Today’s announcement that Saab has filed for bankruptcy could be the final nail in the coffin for the Swedish car maker, which has been active for more than 70 years.
Although Saab’s recent history has been dogged with financial problems, the company has an illustrious history of automotive innovation. Here’s a potted history.
Svenska Aeroplan Aktiebolaget is founded to manufacture military aircraft in the industrial town of Trollhättan.
Saab diversifies into cars. During the next two years, prototypes 92.001 (known as the Ursaab) and 92.002 commence testing.
Production of the 92 starts. It is powered by a 764cc, twin cylinder, two-stroke engine, driving the front wheels.
Saab 93 replaces the 92. It has a 748cc three-cylinder engine, developing 33bhp, and new frontal styling and suspension.
Saab’s first station wagon, the Saab 95, is launched. The engine is enlarged to 841cc and features a fold-down, rear-facing third row of seats, making it a seven-seater.
The Saab 96 saloon is unveiled. Saab Great Britain Ltd is established.
Saab's first four-stroke engine, a Ford-built V4, is introduced in the Saab 96 and 95. The old two-stroke engine is taken out of production when the V4 becomes a success.
The Saab 99 saloon is premiered in Stockholm. It is the first all-new model since the Saab 92-96. Power is provided by a 1.7-litre four-cylinder engine developed for Saab by Ricardo and built by Triumph in England.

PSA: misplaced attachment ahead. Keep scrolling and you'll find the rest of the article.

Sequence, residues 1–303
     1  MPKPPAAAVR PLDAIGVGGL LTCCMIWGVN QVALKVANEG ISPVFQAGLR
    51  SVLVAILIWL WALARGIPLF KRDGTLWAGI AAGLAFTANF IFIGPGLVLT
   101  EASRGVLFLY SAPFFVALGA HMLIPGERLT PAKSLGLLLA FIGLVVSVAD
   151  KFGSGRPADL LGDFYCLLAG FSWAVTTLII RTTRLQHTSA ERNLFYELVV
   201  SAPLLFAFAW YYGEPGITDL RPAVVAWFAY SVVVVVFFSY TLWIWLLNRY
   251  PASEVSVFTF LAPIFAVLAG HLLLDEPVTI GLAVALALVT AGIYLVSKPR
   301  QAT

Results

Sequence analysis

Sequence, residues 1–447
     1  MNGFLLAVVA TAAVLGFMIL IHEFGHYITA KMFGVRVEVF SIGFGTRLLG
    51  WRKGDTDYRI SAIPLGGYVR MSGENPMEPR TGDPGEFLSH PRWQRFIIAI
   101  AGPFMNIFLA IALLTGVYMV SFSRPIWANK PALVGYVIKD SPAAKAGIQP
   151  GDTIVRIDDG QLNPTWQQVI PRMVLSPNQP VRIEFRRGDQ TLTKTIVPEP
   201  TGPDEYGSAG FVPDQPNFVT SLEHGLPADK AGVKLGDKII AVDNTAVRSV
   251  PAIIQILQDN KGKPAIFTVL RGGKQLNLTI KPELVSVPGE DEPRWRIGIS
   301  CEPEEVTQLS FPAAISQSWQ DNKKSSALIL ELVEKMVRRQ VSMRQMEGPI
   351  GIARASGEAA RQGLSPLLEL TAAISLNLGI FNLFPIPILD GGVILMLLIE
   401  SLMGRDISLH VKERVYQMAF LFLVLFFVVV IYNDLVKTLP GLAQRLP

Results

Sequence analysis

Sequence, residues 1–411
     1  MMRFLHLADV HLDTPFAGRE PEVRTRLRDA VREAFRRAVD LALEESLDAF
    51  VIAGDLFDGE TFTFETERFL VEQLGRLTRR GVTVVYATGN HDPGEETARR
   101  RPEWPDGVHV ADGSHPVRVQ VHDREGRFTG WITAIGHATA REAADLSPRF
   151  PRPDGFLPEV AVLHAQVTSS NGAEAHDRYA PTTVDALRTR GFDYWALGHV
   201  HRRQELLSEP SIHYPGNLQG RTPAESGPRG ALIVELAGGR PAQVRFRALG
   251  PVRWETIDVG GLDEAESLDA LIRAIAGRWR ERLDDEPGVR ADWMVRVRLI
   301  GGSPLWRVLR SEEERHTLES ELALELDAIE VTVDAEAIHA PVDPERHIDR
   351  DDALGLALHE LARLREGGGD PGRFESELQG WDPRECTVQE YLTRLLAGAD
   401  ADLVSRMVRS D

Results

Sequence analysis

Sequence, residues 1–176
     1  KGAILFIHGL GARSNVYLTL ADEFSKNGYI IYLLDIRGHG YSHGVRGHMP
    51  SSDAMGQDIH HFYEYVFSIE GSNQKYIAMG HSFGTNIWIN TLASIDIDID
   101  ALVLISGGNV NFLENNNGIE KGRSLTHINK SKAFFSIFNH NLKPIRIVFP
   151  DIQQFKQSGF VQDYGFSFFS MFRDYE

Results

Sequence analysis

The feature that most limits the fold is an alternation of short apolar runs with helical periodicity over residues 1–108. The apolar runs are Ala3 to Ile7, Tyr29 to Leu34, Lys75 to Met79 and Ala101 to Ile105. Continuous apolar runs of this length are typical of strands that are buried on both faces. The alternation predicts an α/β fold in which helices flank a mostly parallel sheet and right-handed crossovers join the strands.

Saab merges with truck company Scania.
The Saab 99 range of two and four-door saloons is expanded with the launch of a three-door hatchback, marketed as ‘Combi Coupé’, which lives on in various guises until 2002.
The one-millionth Saab car comes off the line at Trollhättan. A five-door 99 appears and Saab creates a sensation by revealing an innovative turbocharged engine will be installed in the 99 in 1977.
The Saab 900, an evolution of the 99, goes on sale. Production of the Saab 95 ceases. Saab concludes a collaboration agreement with Fiat/Lancia. The two firms co-develop the Type Four chassis, which produces the Alfa Romeo 164, Fiat Croma, Saab 9000 and Lancia Thema.
Production of the 96 ends, marking the conclusion of the 92/93/95/96 family, after 30 years on the market and a total production run of 730,607 units.